Commissioner Kathleen O'Toole, Boston Police Department
Donald K. Stern, chair, Boston Police Department Commission Investigating the Death of Victoria Snelgrove; and partner, Bingham McCutchen
Carolyn Ryan, Assistant Managing Editor, Metro Section, The Boston Globe

Moderated by Christopher Stone, Professor of Practice of Criminal Justice, KSG

One year ago, Victoria Snelgrove died when a Boston police officer fired a plastic pellet into a crowd celebrating the Red Sox's victory in the 2004 American League Championship Series. Her tragic death focused public attention on the dangers of so-called "less lethal" weapons increasingly used by police departments throughout the country for crowd control. The tragic incident provoked major changes not only in the Boston Police Department but also in the ways that American police departments manage their increasingly sophisticated "less lethal" weaponry. In Boston and around the country, these improvements are being guided by the report of an independent commission, appointed by Boston Police Commissioner Kathleen O'Toole, and chaired by Donald K. Stern, the former U.S. Attorney for Massachusetts . At this panel discussion, which is being held a year after Snelgrove's death, O'Toole, Stern, and Carolyn Ryan, a Boston Globe editor who oversaw the paper's coverage of the incident, will discuss how the events changed the way police in Boston and around the country approach crowd control, less-lethal weapons, and public disorder. Christopher Stone, a professor of criminal justice at the Kennedy School who was also a member of the Stern Commission, will moderate the discussion.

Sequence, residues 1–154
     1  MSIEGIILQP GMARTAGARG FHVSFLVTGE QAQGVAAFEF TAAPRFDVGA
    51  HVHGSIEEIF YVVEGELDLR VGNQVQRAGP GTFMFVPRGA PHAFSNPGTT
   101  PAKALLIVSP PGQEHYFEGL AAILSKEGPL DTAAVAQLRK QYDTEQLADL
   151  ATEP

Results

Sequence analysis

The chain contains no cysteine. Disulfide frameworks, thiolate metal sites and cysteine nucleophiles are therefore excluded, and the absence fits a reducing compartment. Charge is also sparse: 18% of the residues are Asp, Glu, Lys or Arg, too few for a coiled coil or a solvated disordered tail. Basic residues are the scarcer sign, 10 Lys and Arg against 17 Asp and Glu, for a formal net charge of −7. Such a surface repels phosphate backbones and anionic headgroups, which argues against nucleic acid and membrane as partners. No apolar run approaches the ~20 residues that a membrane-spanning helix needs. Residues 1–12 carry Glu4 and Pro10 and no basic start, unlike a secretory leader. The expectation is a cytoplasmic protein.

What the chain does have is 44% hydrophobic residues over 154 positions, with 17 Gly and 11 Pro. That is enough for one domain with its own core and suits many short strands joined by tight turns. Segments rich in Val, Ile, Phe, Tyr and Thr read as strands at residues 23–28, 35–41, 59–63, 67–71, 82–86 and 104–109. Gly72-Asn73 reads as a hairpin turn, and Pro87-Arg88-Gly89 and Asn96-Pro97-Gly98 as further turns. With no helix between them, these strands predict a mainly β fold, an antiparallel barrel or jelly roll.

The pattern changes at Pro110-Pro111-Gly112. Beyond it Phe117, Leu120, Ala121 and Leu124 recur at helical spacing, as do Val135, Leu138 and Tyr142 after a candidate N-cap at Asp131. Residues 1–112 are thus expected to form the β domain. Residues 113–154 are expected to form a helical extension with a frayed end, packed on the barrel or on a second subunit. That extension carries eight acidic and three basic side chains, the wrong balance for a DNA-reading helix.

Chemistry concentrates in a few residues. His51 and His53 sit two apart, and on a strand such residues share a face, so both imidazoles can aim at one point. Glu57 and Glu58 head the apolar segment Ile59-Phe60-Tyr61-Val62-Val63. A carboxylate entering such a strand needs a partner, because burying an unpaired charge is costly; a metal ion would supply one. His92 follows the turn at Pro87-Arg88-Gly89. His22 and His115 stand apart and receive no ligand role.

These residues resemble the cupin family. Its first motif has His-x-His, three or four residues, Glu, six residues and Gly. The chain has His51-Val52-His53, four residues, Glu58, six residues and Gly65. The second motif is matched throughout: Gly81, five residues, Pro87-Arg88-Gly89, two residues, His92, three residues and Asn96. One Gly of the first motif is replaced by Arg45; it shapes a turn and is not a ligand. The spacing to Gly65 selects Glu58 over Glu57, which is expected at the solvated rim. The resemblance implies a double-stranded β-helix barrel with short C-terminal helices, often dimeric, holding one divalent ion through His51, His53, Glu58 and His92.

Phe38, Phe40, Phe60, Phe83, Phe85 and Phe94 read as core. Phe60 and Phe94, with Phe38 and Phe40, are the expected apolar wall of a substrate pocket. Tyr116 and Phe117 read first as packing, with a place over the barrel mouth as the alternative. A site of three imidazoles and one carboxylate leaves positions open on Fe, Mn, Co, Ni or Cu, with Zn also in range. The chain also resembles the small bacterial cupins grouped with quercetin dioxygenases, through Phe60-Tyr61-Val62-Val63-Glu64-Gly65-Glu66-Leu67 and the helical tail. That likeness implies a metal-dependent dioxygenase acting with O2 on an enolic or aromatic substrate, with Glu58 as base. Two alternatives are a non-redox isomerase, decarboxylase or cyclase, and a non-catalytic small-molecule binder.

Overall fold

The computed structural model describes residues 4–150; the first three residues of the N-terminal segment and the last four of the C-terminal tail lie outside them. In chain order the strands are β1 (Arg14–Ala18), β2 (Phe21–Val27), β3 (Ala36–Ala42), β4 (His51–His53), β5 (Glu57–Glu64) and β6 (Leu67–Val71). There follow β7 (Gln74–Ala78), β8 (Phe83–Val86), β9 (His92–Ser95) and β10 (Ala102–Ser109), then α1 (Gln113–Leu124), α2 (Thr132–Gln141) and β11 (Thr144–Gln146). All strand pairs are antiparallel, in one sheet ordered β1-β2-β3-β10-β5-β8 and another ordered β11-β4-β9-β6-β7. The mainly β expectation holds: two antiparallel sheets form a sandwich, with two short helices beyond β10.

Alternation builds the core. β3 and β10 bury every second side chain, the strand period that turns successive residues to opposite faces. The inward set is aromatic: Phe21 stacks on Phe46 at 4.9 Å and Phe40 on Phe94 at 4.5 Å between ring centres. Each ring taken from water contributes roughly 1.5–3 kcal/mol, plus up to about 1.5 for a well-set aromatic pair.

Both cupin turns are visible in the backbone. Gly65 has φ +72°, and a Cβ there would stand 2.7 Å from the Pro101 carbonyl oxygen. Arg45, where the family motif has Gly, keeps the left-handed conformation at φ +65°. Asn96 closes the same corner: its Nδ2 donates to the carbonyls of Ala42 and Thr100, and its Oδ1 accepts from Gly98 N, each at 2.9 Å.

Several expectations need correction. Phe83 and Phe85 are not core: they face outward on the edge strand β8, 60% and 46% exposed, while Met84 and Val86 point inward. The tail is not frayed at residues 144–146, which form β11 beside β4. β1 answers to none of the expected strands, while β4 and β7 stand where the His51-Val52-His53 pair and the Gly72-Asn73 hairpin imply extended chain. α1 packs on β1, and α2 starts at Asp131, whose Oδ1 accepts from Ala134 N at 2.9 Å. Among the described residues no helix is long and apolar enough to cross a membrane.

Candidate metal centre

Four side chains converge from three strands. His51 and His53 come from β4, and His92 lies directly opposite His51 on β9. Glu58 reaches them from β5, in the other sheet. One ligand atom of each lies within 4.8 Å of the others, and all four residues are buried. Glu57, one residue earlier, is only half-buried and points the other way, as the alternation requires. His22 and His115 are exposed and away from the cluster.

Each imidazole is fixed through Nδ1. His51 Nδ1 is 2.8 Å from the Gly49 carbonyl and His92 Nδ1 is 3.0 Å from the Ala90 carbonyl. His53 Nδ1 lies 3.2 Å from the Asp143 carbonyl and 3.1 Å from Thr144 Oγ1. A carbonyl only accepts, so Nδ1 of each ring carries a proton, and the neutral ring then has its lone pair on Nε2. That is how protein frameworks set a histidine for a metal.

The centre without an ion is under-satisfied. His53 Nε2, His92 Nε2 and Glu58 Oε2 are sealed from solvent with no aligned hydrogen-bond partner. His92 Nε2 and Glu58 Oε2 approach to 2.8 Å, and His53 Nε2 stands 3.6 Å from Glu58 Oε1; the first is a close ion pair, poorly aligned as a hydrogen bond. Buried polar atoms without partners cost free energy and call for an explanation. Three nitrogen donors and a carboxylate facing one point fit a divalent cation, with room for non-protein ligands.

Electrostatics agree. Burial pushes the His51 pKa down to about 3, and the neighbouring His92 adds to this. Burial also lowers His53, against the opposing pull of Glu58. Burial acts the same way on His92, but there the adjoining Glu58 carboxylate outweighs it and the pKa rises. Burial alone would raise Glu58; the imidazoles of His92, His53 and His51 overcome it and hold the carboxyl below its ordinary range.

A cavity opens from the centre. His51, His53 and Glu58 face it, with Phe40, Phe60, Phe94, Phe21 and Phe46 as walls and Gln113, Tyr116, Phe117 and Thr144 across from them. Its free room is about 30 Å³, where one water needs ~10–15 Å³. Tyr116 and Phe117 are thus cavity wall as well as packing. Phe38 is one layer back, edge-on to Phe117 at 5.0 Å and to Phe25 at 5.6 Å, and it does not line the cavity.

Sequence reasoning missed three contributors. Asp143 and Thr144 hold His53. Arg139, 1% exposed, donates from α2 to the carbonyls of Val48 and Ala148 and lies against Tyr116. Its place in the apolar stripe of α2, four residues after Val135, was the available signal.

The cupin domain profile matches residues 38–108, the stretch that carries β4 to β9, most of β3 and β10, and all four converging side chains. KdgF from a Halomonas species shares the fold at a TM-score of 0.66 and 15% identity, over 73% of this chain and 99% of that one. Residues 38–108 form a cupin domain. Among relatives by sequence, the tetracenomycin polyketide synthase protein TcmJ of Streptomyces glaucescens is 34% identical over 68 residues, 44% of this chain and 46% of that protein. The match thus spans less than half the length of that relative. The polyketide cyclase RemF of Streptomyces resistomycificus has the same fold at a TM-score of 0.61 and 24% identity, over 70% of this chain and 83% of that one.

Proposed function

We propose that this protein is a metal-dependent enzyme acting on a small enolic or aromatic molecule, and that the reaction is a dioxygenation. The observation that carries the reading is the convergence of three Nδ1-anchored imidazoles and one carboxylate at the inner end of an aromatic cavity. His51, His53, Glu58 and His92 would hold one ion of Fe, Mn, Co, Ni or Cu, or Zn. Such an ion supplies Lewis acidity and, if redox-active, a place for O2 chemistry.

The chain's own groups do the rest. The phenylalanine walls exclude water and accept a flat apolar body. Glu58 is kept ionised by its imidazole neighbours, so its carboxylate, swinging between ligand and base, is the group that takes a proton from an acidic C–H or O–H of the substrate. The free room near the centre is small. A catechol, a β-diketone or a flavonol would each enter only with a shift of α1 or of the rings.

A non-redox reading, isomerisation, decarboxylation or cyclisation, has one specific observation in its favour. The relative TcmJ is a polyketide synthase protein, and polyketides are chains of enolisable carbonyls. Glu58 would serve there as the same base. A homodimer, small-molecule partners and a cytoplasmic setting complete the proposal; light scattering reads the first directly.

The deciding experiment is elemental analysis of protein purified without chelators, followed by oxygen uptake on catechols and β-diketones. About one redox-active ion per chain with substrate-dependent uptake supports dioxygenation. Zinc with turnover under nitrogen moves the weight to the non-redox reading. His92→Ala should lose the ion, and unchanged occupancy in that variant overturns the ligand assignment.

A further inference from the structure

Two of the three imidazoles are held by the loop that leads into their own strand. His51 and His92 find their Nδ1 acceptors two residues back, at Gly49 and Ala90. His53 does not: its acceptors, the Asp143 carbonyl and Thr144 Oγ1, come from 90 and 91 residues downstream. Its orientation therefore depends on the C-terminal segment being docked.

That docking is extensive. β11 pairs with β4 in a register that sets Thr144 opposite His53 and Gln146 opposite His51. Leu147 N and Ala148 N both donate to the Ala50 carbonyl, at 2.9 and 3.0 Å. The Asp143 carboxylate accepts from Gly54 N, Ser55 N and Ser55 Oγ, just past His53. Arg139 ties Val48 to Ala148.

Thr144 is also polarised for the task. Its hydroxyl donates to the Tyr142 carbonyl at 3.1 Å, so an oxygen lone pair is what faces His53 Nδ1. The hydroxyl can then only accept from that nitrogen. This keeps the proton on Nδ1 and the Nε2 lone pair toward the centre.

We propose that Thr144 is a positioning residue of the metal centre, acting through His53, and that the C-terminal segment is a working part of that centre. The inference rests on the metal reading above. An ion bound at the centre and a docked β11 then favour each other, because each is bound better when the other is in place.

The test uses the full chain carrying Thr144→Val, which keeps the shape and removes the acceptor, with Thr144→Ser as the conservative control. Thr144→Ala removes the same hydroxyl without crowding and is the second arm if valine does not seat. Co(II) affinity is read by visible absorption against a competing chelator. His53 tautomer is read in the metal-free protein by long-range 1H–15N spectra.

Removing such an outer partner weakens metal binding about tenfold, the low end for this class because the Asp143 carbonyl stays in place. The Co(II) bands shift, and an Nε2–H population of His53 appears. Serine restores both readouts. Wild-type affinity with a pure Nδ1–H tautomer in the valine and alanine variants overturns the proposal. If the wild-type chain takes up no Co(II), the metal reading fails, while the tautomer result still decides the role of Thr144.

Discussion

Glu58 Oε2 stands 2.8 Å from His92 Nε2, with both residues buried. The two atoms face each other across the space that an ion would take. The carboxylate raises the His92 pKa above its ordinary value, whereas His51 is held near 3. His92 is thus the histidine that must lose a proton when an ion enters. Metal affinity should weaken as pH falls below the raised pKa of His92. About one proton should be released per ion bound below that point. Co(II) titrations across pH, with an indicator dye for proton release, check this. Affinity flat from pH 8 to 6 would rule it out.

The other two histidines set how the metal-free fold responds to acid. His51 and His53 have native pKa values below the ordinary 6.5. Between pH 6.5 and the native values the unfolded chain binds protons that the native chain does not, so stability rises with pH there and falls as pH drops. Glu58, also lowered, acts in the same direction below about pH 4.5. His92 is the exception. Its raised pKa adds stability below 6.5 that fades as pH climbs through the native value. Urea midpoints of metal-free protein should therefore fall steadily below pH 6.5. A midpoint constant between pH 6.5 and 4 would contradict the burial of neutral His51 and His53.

Location: Bell Hall, 5th floor of the Belfer Building, 79 John F. Kennedy Street, Cambridge, MA